3) What is the band’s process for writing songs? Is there one or two primary songwriters?
Hester: I (Hester) am the lyricist and I’ve shaped most of our songs, but I still feel awkward saying I’m the primary songwriter because all my bandmates have brought so much to each piece. First of all, Greg’s presence is in every song, gentle and encouraging, and both his friendship and his musical senses have helped each song develop; he also generated the riffs that became Plague Love Song and Patterson Park. Then, after 18 months of just the two of us playing, it was a revelation to get Alyson and Rachel involved (we also briefly had Alex Touzinsky playing fiddle and organ, and her musical sensibility definitely helped us shape the songs even though she didn’t have time to stay in the band). We started switching instruments, which gave me leeway to imagine how to take the lush instrumentation I imagine for these songs and adapt it for a four-piece band on the stage. With some songs, all I have is a bass part or keyboard part and some lyrics, and the band takes it to another level I never would have been able to invent on my own. With other songs, I have fully composed multiple parts, including baritone guitar, bass, organ, etc–but I’m no drummer, and the second Alyson touches it, I realize how much more there is to be realized about that piece of music. Or Greg adds a flourish on the guitar that completely opens it up, or Rachel hits a bass groove or keyboard element that elevates everything. So even when I do a lot of writing ahead of time, these songs really are collaborative and I’m grateful to the very talented and kind humans who help me make this strange dream a reality.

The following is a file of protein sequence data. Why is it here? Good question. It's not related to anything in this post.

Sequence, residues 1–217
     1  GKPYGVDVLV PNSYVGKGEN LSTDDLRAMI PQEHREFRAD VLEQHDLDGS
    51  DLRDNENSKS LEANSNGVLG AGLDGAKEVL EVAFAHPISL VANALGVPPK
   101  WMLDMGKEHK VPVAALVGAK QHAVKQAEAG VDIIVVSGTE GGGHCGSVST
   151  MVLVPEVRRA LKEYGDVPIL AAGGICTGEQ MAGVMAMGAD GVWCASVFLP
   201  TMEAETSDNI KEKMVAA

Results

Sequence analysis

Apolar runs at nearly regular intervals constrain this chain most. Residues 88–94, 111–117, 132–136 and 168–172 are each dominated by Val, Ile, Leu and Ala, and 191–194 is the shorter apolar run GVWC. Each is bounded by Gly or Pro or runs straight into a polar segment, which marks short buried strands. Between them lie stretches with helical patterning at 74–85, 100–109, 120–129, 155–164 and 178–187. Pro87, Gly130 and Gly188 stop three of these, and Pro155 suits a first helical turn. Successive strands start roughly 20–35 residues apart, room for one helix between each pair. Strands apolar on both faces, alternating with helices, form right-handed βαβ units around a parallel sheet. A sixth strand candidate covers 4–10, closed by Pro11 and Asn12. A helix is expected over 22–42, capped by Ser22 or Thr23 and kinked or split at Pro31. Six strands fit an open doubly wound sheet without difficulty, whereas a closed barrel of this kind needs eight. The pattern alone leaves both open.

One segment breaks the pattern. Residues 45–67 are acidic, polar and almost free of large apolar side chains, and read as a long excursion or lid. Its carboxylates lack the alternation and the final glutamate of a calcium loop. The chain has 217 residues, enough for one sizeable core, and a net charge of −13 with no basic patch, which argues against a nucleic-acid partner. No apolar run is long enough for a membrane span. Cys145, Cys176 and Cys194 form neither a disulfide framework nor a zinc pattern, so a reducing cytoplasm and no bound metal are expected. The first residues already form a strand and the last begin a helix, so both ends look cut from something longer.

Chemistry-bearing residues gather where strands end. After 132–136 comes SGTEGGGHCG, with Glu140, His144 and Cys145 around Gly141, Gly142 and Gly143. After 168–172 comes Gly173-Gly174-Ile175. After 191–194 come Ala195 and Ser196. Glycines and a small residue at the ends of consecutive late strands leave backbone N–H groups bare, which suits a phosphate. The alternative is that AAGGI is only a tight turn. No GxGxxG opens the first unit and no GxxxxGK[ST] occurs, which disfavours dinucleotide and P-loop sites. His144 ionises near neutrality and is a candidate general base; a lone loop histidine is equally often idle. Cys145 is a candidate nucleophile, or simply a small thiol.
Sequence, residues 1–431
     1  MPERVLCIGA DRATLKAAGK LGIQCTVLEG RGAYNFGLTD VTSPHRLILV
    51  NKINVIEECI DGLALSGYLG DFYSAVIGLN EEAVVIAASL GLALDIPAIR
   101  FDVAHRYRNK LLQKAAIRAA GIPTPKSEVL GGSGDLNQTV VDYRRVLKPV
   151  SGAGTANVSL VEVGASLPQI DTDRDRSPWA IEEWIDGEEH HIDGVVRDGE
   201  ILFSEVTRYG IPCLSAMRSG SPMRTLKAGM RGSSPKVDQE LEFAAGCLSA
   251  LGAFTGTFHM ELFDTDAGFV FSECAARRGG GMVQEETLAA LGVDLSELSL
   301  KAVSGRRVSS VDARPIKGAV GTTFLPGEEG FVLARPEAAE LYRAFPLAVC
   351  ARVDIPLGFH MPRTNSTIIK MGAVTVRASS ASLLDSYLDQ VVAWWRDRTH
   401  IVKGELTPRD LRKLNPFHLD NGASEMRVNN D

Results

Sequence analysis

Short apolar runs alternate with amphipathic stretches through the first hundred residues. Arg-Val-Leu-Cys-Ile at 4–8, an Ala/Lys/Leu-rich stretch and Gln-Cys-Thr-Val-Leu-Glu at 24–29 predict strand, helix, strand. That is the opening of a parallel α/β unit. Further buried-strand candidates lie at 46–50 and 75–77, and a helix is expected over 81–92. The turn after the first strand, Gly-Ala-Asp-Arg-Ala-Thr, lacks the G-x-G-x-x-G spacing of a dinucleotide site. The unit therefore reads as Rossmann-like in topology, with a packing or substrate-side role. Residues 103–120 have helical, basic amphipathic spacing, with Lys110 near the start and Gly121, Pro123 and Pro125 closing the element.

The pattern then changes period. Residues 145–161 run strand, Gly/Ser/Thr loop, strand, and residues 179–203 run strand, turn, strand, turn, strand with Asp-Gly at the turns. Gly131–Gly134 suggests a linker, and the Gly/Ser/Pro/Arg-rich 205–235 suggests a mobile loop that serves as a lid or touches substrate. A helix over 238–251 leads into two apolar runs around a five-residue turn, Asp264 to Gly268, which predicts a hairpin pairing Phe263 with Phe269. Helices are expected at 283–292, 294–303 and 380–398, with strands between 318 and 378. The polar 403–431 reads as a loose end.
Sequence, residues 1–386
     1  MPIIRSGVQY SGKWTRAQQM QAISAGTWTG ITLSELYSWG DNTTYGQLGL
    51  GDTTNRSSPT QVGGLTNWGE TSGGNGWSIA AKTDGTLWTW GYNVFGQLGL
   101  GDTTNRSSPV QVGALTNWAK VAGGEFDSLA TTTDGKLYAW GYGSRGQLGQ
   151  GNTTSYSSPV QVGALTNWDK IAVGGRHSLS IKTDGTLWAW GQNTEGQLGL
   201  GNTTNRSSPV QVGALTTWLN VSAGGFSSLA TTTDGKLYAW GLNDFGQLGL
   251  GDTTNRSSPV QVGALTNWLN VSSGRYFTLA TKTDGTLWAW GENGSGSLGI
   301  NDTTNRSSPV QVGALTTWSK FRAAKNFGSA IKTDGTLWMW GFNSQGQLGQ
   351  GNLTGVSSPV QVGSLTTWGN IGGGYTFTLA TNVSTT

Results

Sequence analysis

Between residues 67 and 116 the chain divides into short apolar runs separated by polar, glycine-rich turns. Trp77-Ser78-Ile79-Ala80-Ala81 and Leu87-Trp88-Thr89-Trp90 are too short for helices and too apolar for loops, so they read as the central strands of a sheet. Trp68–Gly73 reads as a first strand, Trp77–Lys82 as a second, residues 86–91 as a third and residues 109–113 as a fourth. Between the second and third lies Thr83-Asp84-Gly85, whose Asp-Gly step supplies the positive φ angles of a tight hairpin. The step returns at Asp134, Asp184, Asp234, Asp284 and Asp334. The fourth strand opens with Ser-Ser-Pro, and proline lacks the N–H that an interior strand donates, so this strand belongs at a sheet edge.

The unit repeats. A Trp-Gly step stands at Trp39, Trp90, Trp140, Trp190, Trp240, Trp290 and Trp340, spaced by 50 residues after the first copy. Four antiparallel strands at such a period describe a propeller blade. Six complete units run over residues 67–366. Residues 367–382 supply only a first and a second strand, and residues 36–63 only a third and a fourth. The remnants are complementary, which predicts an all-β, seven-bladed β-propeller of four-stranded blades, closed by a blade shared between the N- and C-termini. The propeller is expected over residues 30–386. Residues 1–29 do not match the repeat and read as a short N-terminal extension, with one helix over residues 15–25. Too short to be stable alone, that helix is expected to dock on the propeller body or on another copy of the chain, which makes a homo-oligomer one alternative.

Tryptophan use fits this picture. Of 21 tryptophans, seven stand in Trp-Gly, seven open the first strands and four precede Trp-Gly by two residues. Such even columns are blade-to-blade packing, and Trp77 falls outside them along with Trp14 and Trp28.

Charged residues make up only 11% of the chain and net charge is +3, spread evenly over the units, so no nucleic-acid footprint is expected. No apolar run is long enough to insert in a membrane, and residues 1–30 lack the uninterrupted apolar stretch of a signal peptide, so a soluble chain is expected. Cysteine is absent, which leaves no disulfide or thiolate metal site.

4) What recording plans do Seamstresses have? Can we expect a release anytime soon?
Hester: We’d like to record an album, though we don’t have studio time booked in the near future. Right now, I’m focused on getting ready to head into the studio this January with Greg for Teething Veil’s newest record, and playing with Seamstresses live a bit more so we can get a feeling for how the songs feel when they interact with listeners.
5) I realize the band has only played one in-person live show so far, but I am curious to know – what does it feel like to bring these songs to a live audience?
Hester: I keep thinking about one of my film professors from college, who said you never make the movie that’s in your head–you just learn how to get a little closer each time. That’s held true for everything I’ve created. What’s unique with Seamstresses is we tinkered for 18 months before we had a chance to share anything with a live audience, so it was a big moment to see how it would finally come together–how people would react to the ringleader character, whether the instrument switching would work or if we’d be able to incorporate the little novelty instruments into transitions and fully enact all the things we’d been dreaming of. There were all sorts of little things I’d meant to do that I forgot or just didn’t have time for, or lost the courage for in the last minute. But afterward, to hear that people had received what we were trying to create–that they experienced even a bit of what I’d hoped to share with them–was incredibly reassuring. I’ve been off in my own little world my whole life, but it feels good to finally invite others inside.
Be sure to check out Seamstresses’ live show at the Friday, Dec. 3rd edition of WE FOUGHT THE BIG ONE in-person at the Marx Cafe (3203 Mt. Pleasant St NW DC 20010) OR online via Zoom. Register for the Zoom link at: bit.ly/WFTBO_SEAMSTRESSES. The show kicks off at 10pm EST.